The new multiple lock-on function needs to go. Here’s how it’s supposed to work. You know those enemies that are in a line? Well, this new feature will lock on to them all at the same time, so you only have to press the button once. More often than not, it doesn’t work when it would be convenient, and it will often lock on to an object that will take you backwards (that’s what’s happening in the picture above), and actually make it impossible to continue. I’m not sure why homing attack has been such a problem for recent games, since Sonic Adventure through Shadow the Hedgehog have all worked flawlessly. I also miss my Jump Dash. Double jumping really doesn’t help all that much, and a dash would be much more useful in many circumstances.
The presentation is really good for the most part. The 3D effect helps a lot, if you can use it. On the 3D levels that use gyro controls, I turned the 3D off (I have it on most of the time, personal preference). I found that the 3D was helping me judge distances far more than I had previously assumed. It’s a subtle effect (I could not tell how much it was helping until I turned it off), but it really does help. One more reason not to use gyro controls in future installments, at least on handhelds. The graphics look really good, and the music is well done. The one sore spot is the cutscenes. The story is exactly the same as the Wii U’s story, so the developers seem to have pulled the cutscenes from the Wii U directly, and the lowered resolution really shows. I’m not sure why they couldn’t have re-rendered them for 3DS resolution, but it’s not a deal breaker. Just a major distraction.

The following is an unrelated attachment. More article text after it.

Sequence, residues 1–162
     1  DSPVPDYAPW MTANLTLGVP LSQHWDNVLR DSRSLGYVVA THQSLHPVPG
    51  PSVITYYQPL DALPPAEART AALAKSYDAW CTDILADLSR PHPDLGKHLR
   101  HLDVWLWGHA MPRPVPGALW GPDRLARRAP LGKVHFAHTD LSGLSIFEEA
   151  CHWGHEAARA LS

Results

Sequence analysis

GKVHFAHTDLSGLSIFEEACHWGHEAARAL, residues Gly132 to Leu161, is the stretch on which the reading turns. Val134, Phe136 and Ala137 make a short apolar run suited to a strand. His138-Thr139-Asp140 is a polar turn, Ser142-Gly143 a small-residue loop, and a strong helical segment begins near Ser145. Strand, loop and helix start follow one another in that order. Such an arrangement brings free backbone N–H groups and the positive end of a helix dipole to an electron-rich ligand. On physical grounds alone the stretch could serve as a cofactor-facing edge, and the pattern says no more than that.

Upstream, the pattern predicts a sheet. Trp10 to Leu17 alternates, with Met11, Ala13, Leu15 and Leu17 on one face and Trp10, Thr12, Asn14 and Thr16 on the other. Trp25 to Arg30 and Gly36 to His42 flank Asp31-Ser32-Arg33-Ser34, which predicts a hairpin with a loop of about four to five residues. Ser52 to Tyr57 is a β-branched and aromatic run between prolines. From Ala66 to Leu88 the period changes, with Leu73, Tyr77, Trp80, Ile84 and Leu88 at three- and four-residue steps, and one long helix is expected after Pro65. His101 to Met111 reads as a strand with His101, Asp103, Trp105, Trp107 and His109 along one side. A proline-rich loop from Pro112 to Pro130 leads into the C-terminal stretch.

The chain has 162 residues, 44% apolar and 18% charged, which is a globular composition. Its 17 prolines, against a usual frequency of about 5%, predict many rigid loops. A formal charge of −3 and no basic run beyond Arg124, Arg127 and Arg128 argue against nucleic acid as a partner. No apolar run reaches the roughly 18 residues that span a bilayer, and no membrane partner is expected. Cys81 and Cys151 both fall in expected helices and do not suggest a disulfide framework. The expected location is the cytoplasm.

I beat the game in about 8 hours. Other than my issues with the controls, I felt that the challenge was just about right: compelling enough to not be too easy, nor difficult enough to be frustrating. The bosses are quite fun. I think that in some cases, they are better than in the Wii U version, in that I always know what to do. Plus, DIMPS planned around the multi-lock on homing attack doing more damage, and gave the bosses bigger health bars as compensation, making them more challenging in a good way (in the Wii U version, a boss that’s supposed to take 4 hits, only needs to be hit twice thanks to the multi-lock on, and it’s a bit underwhelming).
So, is the game good? Yes, intermittently. While there were times I wondered if my feelings could improve, I ultimately enjoyed the game. The Special Stages are nearly unplayable, but since they aren’t required to get the full story, they can be skipped. I hope that Sega doesn’t throw out this new style, since with a little polish, it could truly bring back Sonic as a gaming icon. Just leave motion controls out of handheld games, okay Sega?
Review copy supplied by author.
This review is based on the 3DS version of the game.